Kim Lafluer wanted the East Orange Citizens' Coalition (EOCC) he heads to become more than a one-trick pony. Instead of focusing solely on the east-west connector, a controversial county road slated for a vote June 26 `see Paving the way, May 10`, he wanted it to take on school crowding and other community issues.
For a while, it looked like he was succeeding: Last month, the EOCC added homeowners' groups from Seminole County to its ranks, making for a head-count in the hundreds. It was filing its corporation papers. But then, Lafluer says, an announcement by Orange County Chairman Rich Crotty effectively killed the movement -- and in the process, he thinks, ensured the road's approval.
Neither the chairman nor his fellow commissioners had followed through on promises to meet with concerned East Orange residents. Crotty's staff told Lafluer he was still studying the issue. But then, two weeks ago, Crotty -- whose "State of the County" address last week emphasized his commitment to neighborhood groups -- announced that he was seeking money to speed up the connector's link with the Naval Training Center redevelopment, which members interpreted as a surefire pro-road sign.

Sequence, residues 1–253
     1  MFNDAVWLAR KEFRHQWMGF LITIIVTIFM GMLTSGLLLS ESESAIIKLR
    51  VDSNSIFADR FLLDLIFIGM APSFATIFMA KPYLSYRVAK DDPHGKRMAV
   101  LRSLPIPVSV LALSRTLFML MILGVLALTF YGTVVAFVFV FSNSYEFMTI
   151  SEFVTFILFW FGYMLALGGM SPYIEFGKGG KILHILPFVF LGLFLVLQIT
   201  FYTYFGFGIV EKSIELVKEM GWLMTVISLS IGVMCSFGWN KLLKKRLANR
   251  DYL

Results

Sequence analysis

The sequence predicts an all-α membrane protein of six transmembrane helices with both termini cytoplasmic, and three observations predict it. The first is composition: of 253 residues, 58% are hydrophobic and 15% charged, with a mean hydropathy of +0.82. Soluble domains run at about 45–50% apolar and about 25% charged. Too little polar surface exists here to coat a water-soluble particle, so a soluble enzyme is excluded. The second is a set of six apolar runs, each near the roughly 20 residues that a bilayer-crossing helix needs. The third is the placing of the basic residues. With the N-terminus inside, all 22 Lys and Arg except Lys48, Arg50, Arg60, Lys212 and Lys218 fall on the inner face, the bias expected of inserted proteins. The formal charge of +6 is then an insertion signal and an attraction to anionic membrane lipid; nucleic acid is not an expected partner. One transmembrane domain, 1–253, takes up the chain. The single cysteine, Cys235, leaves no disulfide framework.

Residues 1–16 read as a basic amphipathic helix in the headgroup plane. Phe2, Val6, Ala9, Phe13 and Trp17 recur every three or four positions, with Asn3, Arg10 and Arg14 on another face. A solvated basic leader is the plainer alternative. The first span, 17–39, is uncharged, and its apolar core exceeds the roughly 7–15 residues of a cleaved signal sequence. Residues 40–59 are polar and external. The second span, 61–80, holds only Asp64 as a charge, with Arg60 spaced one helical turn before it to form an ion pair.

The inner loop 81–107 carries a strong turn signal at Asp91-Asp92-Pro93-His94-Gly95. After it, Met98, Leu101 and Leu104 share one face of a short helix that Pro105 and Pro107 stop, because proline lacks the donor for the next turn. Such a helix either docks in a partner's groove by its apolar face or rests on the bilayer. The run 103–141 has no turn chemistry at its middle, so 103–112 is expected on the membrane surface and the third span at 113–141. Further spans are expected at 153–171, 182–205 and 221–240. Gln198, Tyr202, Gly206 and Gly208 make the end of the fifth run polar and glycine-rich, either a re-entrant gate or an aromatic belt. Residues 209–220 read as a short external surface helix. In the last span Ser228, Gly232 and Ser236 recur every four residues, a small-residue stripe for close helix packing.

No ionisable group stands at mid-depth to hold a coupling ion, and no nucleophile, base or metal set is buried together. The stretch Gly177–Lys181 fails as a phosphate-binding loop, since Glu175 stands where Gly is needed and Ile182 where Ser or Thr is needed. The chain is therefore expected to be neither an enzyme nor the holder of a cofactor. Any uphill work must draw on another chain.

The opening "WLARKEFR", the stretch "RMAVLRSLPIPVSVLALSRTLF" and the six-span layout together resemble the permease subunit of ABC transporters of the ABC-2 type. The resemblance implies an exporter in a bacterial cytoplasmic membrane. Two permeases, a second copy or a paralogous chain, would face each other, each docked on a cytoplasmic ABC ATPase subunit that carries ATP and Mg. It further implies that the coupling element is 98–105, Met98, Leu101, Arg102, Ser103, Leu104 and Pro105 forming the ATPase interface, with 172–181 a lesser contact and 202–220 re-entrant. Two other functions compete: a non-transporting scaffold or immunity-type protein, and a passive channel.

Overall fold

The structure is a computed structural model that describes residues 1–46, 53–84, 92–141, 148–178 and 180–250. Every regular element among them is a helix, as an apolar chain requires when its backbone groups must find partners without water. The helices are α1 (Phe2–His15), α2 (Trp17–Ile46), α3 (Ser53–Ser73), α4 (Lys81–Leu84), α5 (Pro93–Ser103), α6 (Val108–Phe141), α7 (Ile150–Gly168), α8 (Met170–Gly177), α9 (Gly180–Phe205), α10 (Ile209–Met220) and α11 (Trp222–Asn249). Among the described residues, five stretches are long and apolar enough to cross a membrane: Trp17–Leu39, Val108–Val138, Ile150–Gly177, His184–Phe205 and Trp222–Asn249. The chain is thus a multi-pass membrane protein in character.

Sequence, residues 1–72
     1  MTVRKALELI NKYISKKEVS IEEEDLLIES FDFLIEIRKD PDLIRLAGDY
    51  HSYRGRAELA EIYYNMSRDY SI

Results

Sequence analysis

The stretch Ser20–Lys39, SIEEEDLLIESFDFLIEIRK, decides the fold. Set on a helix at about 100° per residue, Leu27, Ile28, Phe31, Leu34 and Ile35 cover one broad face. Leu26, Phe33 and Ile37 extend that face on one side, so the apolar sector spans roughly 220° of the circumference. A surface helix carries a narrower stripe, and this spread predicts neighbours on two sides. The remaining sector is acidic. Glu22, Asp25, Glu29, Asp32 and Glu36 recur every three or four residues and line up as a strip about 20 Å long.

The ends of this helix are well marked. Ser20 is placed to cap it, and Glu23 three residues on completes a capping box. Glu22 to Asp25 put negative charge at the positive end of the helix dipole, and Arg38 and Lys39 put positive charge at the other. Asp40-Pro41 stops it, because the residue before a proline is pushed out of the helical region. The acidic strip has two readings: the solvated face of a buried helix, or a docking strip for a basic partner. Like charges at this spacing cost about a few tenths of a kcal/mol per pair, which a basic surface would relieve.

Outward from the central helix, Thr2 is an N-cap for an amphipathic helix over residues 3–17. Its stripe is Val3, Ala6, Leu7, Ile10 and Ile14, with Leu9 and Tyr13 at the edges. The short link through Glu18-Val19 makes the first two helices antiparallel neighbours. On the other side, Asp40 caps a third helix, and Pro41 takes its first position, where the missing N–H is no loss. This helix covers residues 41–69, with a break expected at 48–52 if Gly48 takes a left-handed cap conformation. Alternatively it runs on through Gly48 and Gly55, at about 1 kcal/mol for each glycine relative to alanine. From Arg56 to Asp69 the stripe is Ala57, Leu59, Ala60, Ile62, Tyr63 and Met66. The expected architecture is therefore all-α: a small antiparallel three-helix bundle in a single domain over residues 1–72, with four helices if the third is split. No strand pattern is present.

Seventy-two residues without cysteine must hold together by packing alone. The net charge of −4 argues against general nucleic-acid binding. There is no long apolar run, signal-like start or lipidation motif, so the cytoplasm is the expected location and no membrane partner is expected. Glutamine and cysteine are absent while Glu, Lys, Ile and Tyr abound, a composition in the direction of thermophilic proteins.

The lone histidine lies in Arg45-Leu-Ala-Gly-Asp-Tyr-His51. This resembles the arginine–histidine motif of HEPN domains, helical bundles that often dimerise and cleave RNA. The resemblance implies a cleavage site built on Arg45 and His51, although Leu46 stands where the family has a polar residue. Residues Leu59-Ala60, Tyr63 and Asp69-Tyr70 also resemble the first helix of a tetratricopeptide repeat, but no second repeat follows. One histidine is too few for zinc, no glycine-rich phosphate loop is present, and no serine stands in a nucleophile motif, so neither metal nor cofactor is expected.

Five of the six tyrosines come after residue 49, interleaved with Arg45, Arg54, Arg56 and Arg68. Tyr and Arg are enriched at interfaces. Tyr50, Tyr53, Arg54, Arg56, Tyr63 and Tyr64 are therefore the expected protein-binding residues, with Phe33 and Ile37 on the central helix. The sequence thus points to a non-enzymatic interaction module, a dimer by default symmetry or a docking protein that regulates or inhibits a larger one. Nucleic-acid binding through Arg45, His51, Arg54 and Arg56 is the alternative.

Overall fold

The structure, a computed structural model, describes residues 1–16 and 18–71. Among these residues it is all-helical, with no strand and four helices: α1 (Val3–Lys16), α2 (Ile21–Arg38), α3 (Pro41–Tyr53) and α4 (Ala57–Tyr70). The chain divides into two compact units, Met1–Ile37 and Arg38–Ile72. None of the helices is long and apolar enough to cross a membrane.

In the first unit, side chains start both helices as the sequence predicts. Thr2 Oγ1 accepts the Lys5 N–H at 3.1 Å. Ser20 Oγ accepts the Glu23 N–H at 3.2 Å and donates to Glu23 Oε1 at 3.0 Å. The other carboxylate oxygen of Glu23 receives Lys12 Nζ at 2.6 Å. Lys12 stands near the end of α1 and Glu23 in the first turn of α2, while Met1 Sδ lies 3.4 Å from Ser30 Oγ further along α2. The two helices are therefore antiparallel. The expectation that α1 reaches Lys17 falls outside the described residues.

After that, Lafluer says, the road's opponents resigned themselves to defeat and vanished. Those who didn't completely pull out of the political process began looking for ways to protect their individual neighborhoods.
"We don't have the support anymore," says Lafluer, who cancelled a planned June 5 protest outside of the Orange County Commission meeting. "We don't want this road, but I think it's a done deal. They're saying, ‘F you, we're not going to meet with you.'"
Not everyone has thrown in the towel. Marge Haverland-Holt, an EOCC founder and ardent Audubon Society member, still holds tight to the no-road philosophy. To Lafluer, that's no longer acceptable. "It's time for communities to start looking out for themselves," he says.
Haverland-Holt, on the other hand, sees Lafluer as the thorn. "At this point," she says, "there's no concessions that have been made. Kim has created a rift over there in his own area. I hope he doesn't come out and hurt things."
On June 13, Haverland-Holt and attorney Kevin Cannon have the first -- and only, as far everyone can tell -- meeting with Crotty, but Lafluer's not invited.
"They really don't have a lot," Lafluer counters. "They have Kevin and her."
Holt -- who opposes the road on principle, not because it will divide her neighborhood -- believes most of her neighbors don't want to compromise. And even if they do, she says, they'll be in a better place to do it if they maintain the no-build line for now. She promises a protest outside of the county's administration building the day of the vote.
Lafluer says he still maintains some hope, but he adds, "I'm really sorry `the organization` didn't work out."
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